Stefan Bethke wrote:
> Am 09.02.2008 um 20:47 schrieb Cory Crooks:
>> Anyone had luck with a routed setup sitting behind an Actiontec
>> router (the one's Verizon FIOS uses)?
>> My internal LAN is on 10.74.65.0/24
, my VPN is using 10.8.0.0/24
>> added a routing rule to the router to send all 10.8.0.0
) traffic to 10.74.65.13
(the machine running OpenVPN),
>> but it doesn't seem to fully work.
>> If I connect to the VPN with a machine (and get address 10.8.0.6
>> can then ping 10.8.0.6
from any of the LAN machines (on
), but if I try to ping from 10.8.0.6
to any of the LAN
>> machines, it fails.
>> I did a couple tcpdump trials and it really looks like the ping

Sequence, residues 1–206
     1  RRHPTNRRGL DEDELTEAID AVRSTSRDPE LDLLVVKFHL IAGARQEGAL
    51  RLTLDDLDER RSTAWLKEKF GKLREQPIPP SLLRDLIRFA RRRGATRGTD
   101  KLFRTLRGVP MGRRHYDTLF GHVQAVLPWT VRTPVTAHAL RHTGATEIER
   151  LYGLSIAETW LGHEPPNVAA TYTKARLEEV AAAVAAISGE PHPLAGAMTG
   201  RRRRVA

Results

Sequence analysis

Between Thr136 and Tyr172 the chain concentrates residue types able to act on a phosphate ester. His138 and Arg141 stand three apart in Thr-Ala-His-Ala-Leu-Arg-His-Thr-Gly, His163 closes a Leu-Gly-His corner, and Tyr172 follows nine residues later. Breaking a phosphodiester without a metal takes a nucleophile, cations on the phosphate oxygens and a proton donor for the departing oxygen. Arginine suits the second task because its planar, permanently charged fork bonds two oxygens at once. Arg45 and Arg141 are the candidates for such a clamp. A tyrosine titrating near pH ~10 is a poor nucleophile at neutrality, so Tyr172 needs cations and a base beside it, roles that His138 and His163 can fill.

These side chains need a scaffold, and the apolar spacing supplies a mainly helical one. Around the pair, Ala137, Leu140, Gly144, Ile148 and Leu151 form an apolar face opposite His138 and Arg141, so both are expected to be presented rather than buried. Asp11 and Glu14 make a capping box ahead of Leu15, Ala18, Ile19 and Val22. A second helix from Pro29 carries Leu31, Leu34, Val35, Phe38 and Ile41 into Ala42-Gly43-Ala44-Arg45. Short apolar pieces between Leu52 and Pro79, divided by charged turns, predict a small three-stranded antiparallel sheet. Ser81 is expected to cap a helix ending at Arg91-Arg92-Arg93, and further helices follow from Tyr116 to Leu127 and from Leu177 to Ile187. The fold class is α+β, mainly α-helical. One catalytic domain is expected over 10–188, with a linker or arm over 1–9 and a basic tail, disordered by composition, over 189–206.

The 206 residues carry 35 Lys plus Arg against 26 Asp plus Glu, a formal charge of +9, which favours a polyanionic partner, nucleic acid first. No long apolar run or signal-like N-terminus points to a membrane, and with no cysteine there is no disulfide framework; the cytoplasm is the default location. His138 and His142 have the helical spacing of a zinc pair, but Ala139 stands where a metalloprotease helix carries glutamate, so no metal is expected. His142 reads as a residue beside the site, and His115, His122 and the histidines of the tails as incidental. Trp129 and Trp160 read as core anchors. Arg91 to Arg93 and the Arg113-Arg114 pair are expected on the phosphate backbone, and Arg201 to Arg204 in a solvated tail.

>> requests is getting to the pinged machine (say 10.64.75.11
), but the
>> ack for the ping is then not funneling back through the VPN machine,
>> so for some reason it seems the acks aren't routing correctly, but
>> if a request a ping it is.
>> If I add a specific route to one of the machines on the LAN (like
) using "route add -net 10.8.0.0
" (or whatever the correct incantation is), then if I
>> ping that machine from 10.8.0.6
the acks come through. I guess this
>> is the workaround I will use if necessary, but I'd rather have it
>> just work.
> Setting a seperate route on each machine on the LAN is how it's
> supposed to be done.
> By only setting the route on the machine that is the default gateway
> for everyone else (the FiOS router), you're relying on that machine
> and your LAN machines to generate and process ICMP redirects properly,
> and/or your router to properly forward packets out the same interface
> they came in on. I've found that this does not work reliably,
> depending on the exact OS versions and various circumstances.